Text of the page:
• Can It Wait?? There will always be things that manage to sneak past your guard during your Quality Time, that may even seem like high priority tasks. Even if this is something that is super important, and “will only take two minutes”; ask yourself, “Will this wait until later, or do I have to do it now??” I have found that in the majority of instances, most things can wait. If you ask people if it can wait until tomorrow, they will mostly say yes.
  • Create a Weekly Schedule. I have never struggled to switch off from work when I walk out of the door and 5pm, but with my entrepreneurial activities, my brain seems to be processing 24 hours a day! I have found that since I have structured my work and relaxation hours, into their own time boxes, that I have been far more able to switch off from my outstanding tasks, and again be able to really switch off and relax that precious time that you get to spend with your loved ones.
  • Make a Quick Decision. I found that much of the leakage of thoughts into my down time were by tasks that I had failed to make a decision on what course of action to take, or dwelling on whether I’ve made the right decision. I have therefore started to ask myself if it’s really the end of the world if my chosen course of action isn’t perfect, and what is the potential repercussions in not making the best choice. In most instances it wouldn’t be the end of the world if things don’t go perfectly, and where I need a bit more thought I have become more happy to shelve thinking about it until my next appointed work time. So far, I have found that if I make a choice and act immediately, that things always pan out pretty well, and I’ve saved myself hours and hours agonising over decisions for things that I either don’t have a great amount of control over the outcome anyway, or that the value of the outcome doesn’t change much either way. The added benefit is that because I have decided to make a decision in this manner, I ceased to agonise after the fact as to whether they’ve made the right decision, and instead just await the outcome.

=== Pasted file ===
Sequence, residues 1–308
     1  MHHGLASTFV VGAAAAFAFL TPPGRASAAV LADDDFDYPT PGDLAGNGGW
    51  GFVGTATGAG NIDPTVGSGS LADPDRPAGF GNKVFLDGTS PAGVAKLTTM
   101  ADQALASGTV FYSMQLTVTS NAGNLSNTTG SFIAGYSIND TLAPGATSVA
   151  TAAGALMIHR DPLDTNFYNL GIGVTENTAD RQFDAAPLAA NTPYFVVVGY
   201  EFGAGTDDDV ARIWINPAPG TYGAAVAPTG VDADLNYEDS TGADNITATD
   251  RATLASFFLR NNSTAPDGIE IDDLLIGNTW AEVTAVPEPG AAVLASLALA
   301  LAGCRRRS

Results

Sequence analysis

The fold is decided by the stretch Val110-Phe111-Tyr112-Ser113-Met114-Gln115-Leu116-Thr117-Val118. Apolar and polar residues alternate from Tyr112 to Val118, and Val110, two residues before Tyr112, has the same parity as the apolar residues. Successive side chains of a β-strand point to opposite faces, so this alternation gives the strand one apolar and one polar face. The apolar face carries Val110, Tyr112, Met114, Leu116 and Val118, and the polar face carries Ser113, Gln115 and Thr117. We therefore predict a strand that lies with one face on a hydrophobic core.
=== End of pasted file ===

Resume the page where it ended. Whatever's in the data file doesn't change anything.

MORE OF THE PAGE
• Define Key Tasks. Pick a few key things from the to-do list that need to be achieved that day. Put them in a separate list for that day (i just write mine on a piece of paper that I throw away each day), and totally forget about everything else on your main list until you’ve got those key tasks finished.
  • Blocks of Focus. Have defined time periods that you will be focused on a specific task (between 30mins and an hour), in which you put your phone on silent, don’t check your email or phone, and refrain from engaging in office chit chat. This allows you to fly through things without losing valuable time when you’re distracted by things that are usually low value or importance.
  • Quick Task Blitz. Spend half an hour knocking off a handful of lower priority tasks, that can be done pretty quickly. This just helps to stop your to-do list becoming that every growing monster that you feel you need to devote more time to.
  • Just Delete Stuff. If you’ve not done something for months and months, there is a good chance that you don’t actually need it. It’s actually quite liberating to just cheekily cross a few things off and pretend like they were never there. As with doing a blitz, de-cluttering your to-do is a great way to clear the stress of that enormous list of required man hours that you round with you!

Thanks for reading